August Complex Fire

  • Date of Fire: August 2020
  • Acres Burned: 1,032,648
  • Structures Destroyed: 935
  • Cause of Fire: Lightning Strike
  • Estimated Cost: $319 Million

A fire complex that originated as over 30 separate fires caused by lightning strikes. It spanned a number of counties in Northern California, including Mendocino, Glenn, and Shasta.

The fire raged for several months and took the life of 1 firefighter.

Dixie Fire

  • Date of Fire: July 2021
  • Acres Burned: 963,309
  • Structures Destroyed: 1,329
  • Cause of Fire: StillUnder Investigation
  • Estimated Cost: $1.15 Billion

The Dixie Fire burned over 1,500 square miles and is the largest single wildfire in California history. It destroyed over 1,300 buildings and took the life of 1 firefighter.

Mendocino Complex Fire

  • Date of Fire: July 2018
  • Acres Burned: 459,123
  • Structures Destroyed: 280
  • Cause of Fire: Human Activity
  • Estimated Cost: $257 Million

A complex of wildfires that burned for over three months in Northern California. It was a combination of two different wildland fires: the Ranch Fire and the River Fire.

SCU Lightning Complex Fire

  • Date of Fire: August 2020
  • Acres Burned: 396,624
  • Structures Destroyed: 222
  • Cause of Fire: Lightning
  • Estimated Cost: $26 Million+

The SCU Lightning Complex Fire didn’t claim any lives, but there were 6 injuries and damage to 222 structures.

Creek Fire

  • Date of Fire: September 2020
  • Acres Burned: 379,895
  • Structures Destroyed: 853
  • Cause of Fire: Unknown
  • Estimated Cost: $193 Million

The Creek Fire began in the Big Creek drainage area between Huntington Lake and Shaver Lake. It burned until Christmas Eve 2020.

LNU Lightning Complex Fire

  • Date of Fire: August 2020
  • Acres Burned: 623,220
  • Structures Destroyed: 1,491
  • Cause of Fire: Lightning/Arson
  • Estimated Cost: N/A

A complex of fires caused by lightning strikes that burned from August 17th, 2020, to October 2nd, 2020.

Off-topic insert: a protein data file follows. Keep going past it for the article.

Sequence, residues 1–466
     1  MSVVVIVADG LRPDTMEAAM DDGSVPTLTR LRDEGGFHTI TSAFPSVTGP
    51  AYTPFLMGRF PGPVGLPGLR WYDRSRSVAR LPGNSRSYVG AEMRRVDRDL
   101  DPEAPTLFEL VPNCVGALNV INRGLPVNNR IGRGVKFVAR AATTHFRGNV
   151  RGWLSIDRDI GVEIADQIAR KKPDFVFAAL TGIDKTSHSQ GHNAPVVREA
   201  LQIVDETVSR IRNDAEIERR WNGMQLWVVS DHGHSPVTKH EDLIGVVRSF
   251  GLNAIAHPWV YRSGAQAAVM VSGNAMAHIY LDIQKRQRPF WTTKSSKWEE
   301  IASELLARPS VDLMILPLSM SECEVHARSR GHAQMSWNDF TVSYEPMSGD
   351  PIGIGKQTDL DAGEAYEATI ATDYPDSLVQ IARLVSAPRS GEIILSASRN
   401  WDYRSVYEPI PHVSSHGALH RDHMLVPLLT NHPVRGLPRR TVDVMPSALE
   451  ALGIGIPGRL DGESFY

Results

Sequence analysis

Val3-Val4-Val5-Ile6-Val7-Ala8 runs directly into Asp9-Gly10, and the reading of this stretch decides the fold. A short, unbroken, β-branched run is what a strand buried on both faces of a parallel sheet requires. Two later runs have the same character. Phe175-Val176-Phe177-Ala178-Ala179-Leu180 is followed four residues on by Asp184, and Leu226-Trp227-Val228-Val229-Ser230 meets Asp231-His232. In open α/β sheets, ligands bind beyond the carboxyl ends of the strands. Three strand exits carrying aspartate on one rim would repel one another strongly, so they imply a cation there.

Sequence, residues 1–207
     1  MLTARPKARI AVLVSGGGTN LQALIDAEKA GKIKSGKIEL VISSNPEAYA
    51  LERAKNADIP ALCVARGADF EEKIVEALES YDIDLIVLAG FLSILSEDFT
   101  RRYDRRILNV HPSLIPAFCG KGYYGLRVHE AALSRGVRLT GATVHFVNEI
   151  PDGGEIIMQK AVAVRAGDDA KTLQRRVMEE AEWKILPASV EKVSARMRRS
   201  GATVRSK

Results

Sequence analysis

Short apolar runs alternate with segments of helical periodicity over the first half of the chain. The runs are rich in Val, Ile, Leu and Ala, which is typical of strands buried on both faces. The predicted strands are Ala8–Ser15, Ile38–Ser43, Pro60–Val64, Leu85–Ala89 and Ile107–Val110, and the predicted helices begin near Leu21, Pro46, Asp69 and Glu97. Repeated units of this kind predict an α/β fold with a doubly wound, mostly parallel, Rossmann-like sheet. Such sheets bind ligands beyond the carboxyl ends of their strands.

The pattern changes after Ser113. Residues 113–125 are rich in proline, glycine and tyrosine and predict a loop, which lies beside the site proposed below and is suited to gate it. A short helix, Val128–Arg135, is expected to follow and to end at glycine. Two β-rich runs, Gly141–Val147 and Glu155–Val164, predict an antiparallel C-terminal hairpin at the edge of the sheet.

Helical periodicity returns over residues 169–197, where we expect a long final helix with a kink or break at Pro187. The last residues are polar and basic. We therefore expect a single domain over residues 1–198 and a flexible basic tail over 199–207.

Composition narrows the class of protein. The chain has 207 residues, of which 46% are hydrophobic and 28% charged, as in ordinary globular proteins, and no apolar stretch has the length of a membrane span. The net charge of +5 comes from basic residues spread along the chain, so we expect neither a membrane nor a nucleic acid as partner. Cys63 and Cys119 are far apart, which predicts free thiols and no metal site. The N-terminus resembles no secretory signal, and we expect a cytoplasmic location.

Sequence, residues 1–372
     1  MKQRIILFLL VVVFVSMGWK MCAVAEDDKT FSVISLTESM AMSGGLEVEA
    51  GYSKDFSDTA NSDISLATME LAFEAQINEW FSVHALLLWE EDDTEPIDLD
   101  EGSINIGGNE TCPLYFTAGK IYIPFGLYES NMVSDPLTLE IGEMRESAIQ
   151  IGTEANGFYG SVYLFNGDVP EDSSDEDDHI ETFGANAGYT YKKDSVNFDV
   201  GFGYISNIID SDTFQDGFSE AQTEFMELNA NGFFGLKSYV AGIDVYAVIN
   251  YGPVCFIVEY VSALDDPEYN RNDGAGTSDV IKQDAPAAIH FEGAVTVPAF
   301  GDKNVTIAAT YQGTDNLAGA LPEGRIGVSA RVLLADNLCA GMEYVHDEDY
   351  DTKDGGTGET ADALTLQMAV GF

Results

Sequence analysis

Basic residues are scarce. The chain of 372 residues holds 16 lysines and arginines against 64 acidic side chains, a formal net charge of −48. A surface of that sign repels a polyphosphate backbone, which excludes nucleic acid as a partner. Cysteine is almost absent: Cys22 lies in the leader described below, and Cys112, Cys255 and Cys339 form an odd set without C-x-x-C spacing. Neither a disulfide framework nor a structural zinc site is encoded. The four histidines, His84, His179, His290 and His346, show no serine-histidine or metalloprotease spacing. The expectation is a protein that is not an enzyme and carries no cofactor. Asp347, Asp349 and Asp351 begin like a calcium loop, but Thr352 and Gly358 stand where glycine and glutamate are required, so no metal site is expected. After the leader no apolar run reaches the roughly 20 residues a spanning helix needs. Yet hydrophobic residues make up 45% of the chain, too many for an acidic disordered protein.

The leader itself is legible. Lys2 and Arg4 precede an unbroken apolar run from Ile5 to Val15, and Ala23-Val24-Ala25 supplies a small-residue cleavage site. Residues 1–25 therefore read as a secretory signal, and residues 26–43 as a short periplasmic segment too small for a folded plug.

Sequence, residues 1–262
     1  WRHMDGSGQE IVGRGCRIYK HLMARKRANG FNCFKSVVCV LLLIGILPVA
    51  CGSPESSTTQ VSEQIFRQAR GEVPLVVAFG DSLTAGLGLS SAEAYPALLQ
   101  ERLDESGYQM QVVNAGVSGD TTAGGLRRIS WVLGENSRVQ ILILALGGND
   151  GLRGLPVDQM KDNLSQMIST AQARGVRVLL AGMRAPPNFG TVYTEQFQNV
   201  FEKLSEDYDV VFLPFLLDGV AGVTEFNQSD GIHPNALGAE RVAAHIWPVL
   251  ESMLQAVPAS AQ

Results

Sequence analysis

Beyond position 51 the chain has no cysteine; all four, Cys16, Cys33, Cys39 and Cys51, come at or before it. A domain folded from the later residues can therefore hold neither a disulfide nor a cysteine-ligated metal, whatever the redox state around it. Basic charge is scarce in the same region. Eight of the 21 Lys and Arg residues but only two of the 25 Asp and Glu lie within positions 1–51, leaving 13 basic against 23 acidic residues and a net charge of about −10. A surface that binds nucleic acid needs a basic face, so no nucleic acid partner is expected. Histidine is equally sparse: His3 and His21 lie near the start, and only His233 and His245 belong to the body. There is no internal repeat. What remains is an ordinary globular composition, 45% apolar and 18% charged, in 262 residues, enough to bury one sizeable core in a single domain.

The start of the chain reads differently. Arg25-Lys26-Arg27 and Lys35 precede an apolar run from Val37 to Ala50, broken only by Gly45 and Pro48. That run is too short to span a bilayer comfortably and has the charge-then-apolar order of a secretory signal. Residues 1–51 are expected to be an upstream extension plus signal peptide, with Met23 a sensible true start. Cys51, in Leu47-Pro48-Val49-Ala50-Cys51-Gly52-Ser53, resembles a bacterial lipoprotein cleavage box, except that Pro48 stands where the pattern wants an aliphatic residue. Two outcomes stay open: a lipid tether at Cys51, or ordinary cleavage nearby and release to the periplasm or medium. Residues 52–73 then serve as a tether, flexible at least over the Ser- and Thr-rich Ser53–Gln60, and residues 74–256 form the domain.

North Complex Fire

  • Date of Fire: August 2020
  • Acres Burned: 318,935
  • Structures Destroyed: 2,352
  • Cause of Fire: Lightning
  • Estimated Cost: N/A

One of the deadliest fires in California history, claiming a total of 16 lives.

Thomas Fire

  • Date of Fire: December 2017
  • Acres Burned: 281,893
  • Structures Destroyed: 1,063
  • Cause of Fire: Power Lines
  • Estimated Cost: $2.2 Billion

The Thomas Fire was caused by downed power lines and burned over 1,000 buildings. It also took the lives of a firefighter and a civilian and the resulting debris and mud flows were responsible for another 21 civilian deaths.

Cedar Fire

  • Date of Fire: October 2003
  • Acres Burned: 273,246
  • Structures Destroyed: 2,820
  • Cause of Fire: Human Activity
  • Estimated Cost: $1.3 Billion

The Cedar Fire was a deadly fire that raged through San Diego County in late 2003. It took 15 lives, injured 113 people, and burned nearly 3,000 buildings, including 2,232 homes.

Rush Fire

  • Date of Fire: August 2012
  • Acres Burned: 271,911 (in CA)
  • Structures Destroyed: 0
  • Cause of Fire: Lightning
  • Estimated Cost: N/A

The largest fire of the 2021 California fire season. It burned from the 12th to the 30th of August.

Rim Fire

  • Date of Fire: August 2013
  • Acres Burned: 257,314